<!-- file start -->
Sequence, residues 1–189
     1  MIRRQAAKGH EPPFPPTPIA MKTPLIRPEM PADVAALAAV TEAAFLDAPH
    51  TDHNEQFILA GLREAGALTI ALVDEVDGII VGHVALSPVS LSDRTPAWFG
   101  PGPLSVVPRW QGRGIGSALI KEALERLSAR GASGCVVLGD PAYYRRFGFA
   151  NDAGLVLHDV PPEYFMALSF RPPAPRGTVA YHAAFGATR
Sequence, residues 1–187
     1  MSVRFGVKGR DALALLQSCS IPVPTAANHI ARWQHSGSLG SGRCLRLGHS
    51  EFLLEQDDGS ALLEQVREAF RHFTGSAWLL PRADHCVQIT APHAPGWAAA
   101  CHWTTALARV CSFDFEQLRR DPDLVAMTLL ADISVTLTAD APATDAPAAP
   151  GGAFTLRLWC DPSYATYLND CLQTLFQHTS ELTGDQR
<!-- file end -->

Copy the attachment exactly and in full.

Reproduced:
Sequence, residues 1–189
     1  MIRRQAAKGH EPPFPPTPIA MKTPLIRPEM PADVAALAAV TEAAFLDAPH
    51  TDHNEQFILA GLREAGALTI ALVDEVDGII VGHVALSPVS LSDRTPAWFG
   101  PGPLSVVPRW QGRGIGSALI KEALERLSAR GASGCVVLGD PAYYRRFGFA
   151  NDAGLVLHDV PPEYFMALSF RPPAPRGTVA YHAAFGATR
Sequence, residues 1–187
     1  MSVRFGVKGR DALALLQSCS IPVPTAANHI ARWQHSGSLG SGRCLRLGHS
    51  EFLLEQDDGS ALLEQVREAF RHFTGSAWLL PRADHCVQIT APHAPGWAAA
   101  CHWTTALARV CSFDFEQLRR DPDLVAMTLL ADISVTLTAD APATDAPAAP
   151  GGAFTLRLWC DPSYATYLND CLQTLFQHTS ELTGDQR